Philosophy, like science, is also a method of inquiry to understand more about ourselves and the universe, although it is not confined exclusively to materiality (in fact, Idealism actually proposes that only ideas exist). Philosophy can be applied virtually to any subject and seeing through its lens can offer unlimited avenues of questioning and ways of approaching topics. Philosophical ideas also require evidence, rationality and valid logical reasoning. The process differs, however, in that these hypotheses are not really provable through experimentation. This allows room for more and different kinds of questions and theories since they are not limited to the constraints of science as the hypotheses do not have to be testable or even falsifiable. This, however, does not make philosophy less valid than science because philosophy often deals with questions that science, by its very nature, cannot answer. To suggest that the only truths to be known are those that are found through science suggests a very narrow understanding of reality. Ethical judgement of a given act or what constitutes a good life, for example, is not something that can be answered or tested through scientific methods. Philosophical inquiry is less linear and far more open-ended than the scientific method. Many different methods of discovering truth exist, such as meditation and contemplation, but there also exist more systematic methods. One process popularised by René Descartes is the Method of Doubt. In his Meditations on First Philosophy, Descartes doubted virtually everything he knew that could possibly be doubted. Through rational, logical thinking, Descartes was able to gradually discover metaphysical truths about our universe, the first of which being that he definitely exists. Truth can be found in countless ways through philosophical inquiry. Perhaps one of the most beautiful things about it is that there is no one prescribed method. So long as one can rationally justify one’s beliefs, there is reason for serious consideration.

“The unexamined life is not worth living.” — Socrates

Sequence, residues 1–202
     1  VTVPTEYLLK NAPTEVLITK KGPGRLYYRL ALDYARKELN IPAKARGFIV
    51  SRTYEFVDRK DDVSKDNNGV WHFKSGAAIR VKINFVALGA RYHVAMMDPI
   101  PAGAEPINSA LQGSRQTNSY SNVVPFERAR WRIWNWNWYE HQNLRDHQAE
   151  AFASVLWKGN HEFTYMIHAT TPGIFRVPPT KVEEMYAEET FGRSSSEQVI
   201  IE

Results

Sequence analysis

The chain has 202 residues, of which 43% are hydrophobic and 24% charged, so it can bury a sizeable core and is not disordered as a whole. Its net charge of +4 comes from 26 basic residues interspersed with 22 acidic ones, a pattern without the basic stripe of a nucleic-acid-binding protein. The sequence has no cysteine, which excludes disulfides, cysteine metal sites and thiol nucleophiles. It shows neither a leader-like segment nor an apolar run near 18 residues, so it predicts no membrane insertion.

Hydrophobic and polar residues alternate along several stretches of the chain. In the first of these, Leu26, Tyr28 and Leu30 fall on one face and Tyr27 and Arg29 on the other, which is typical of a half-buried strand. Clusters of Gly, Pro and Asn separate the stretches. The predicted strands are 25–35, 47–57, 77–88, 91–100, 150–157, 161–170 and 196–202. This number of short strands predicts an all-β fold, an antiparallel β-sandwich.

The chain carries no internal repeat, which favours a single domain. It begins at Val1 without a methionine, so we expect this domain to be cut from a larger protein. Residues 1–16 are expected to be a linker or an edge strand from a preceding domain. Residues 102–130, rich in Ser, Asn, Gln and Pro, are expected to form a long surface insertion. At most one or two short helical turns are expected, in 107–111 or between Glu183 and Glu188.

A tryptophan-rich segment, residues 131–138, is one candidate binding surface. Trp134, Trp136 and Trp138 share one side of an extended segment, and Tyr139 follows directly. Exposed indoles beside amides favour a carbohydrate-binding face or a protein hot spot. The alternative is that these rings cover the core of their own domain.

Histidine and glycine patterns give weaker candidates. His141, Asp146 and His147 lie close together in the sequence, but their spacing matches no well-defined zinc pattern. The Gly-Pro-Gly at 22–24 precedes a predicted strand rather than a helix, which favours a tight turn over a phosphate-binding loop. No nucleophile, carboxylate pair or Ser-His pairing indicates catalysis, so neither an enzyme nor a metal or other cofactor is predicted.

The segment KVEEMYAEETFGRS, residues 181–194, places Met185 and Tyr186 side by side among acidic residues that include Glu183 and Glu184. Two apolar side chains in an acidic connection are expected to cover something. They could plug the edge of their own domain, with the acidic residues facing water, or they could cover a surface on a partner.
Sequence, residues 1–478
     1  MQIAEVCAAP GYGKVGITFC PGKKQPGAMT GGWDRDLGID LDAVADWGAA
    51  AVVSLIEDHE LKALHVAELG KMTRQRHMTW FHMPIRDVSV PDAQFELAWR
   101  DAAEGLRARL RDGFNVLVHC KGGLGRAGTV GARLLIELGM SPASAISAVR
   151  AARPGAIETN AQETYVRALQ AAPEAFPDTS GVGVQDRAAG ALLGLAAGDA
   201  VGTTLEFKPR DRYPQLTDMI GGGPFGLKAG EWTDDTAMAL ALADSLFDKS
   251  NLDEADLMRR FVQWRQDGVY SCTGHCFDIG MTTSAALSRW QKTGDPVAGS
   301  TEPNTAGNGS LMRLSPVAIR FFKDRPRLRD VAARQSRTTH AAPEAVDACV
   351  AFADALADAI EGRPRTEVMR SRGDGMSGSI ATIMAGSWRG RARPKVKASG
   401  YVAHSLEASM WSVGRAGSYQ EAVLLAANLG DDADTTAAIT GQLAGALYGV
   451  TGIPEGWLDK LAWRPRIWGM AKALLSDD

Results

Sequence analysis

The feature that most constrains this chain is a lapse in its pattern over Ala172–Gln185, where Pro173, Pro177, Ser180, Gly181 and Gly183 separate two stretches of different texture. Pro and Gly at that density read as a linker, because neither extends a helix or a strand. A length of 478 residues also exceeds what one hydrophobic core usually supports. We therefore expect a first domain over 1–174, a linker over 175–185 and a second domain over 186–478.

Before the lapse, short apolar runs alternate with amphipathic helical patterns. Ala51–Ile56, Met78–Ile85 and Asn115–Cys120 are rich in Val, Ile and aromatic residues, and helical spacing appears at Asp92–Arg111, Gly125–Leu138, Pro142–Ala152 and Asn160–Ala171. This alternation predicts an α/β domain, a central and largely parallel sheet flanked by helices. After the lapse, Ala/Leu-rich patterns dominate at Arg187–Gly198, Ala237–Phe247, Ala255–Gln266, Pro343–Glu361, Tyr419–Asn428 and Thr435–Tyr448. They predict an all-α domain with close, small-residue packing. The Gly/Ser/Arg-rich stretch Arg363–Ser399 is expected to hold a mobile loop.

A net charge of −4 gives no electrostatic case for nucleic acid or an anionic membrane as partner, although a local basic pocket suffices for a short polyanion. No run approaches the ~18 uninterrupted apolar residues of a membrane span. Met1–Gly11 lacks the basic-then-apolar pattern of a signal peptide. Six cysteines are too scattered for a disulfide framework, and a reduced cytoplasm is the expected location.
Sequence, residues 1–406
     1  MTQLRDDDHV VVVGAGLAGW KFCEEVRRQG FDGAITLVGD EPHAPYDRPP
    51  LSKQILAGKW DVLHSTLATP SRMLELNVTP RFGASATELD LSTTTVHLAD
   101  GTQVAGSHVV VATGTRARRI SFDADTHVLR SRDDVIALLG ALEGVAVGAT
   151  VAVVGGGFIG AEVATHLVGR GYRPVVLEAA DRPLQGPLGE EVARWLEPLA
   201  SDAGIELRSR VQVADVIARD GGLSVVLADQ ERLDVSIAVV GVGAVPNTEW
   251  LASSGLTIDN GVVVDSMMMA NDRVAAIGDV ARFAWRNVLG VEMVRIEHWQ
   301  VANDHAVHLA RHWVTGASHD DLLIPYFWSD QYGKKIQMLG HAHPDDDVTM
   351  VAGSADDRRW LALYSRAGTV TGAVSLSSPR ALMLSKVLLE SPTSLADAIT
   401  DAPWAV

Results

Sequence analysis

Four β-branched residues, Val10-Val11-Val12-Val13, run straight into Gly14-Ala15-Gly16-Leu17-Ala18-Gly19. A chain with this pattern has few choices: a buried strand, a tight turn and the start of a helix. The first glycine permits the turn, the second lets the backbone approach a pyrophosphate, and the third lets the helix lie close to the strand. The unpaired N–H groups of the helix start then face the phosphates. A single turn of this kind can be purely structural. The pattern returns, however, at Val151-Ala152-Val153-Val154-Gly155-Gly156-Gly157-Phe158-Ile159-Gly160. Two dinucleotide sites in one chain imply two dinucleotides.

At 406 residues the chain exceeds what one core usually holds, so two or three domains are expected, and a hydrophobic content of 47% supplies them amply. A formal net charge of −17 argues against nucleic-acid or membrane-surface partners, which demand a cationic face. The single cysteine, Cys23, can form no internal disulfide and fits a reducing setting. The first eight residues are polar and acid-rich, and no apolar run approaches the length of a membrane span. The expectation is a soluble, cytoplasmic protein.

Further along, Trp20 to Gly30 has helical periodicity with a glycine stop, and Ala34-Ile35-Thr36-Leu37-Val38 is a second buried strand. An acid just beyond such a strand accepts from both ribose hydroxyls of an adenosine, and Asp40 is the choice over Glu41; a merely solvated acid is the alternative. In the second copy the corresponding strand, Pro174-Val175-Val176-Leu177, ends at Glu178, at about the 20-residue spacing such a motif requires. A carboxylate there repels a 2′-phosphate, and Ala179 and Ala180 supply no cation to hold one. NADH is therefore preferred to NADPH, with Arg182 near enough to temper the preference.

Both science and philosophy seek to find the true nature of things. Ideas found through philosophical thought can manifest through our beliefs and behaviour. These can be passed onto others and society as a whole to influence politics among other things. What is also important to note is that ideas do not exist in a vacuum; the way we understand things can have much broader implications than we think. These ideas can manifest through belief and subsequent action. Take, for example, John Locke’s ideas of epistemology. John Locke proposed the idea that all human beings at birth are blank slates with no innate knowledge. This thus means that humans are virtually formed completely by others in society. This idea later became adopted by others, including Karl Marx’s philosophy. Needless to say, Karl Marx’s writings had real-world consequences with numerous Communist uprisings across the world. When propagated throughout society, ideas can shape the culture and thus how society views reality and humanity’s place in the world. Philosophy is also something anyone can do. From the modest corner café among friends, to the ivory tower among intellectual elites. Philosophy happens everywhere and among everyone, even if they do not realise it.

Science and philosophy are both equally valid methods of inquiry, each dealing with different, but sometimes overlapping aspects of the universe; the physical and metaphysical respectively. The two disciplines have also a sort of symbiotic relationship. Scientific ethics, for example, were not nor could they have ever been formulated through scientific study; they had to be contemplated through philosophical thinking. Additionally, scientific findings can be interpreted through a philosophical lens and inform philosophical theories. Either way, it is not necessarily the practical applicability, usefulness in the real world or level of certainty something provides that truly matters. In the case of philosophy, it is the appreciation and love of wisdom merely for its own sake. Hence the name which, in Ancient Greek, translates to “love (philia) of wisdom (sophia)”. These are ultimately two methods of finding truth that can be applied to virtually any given subject.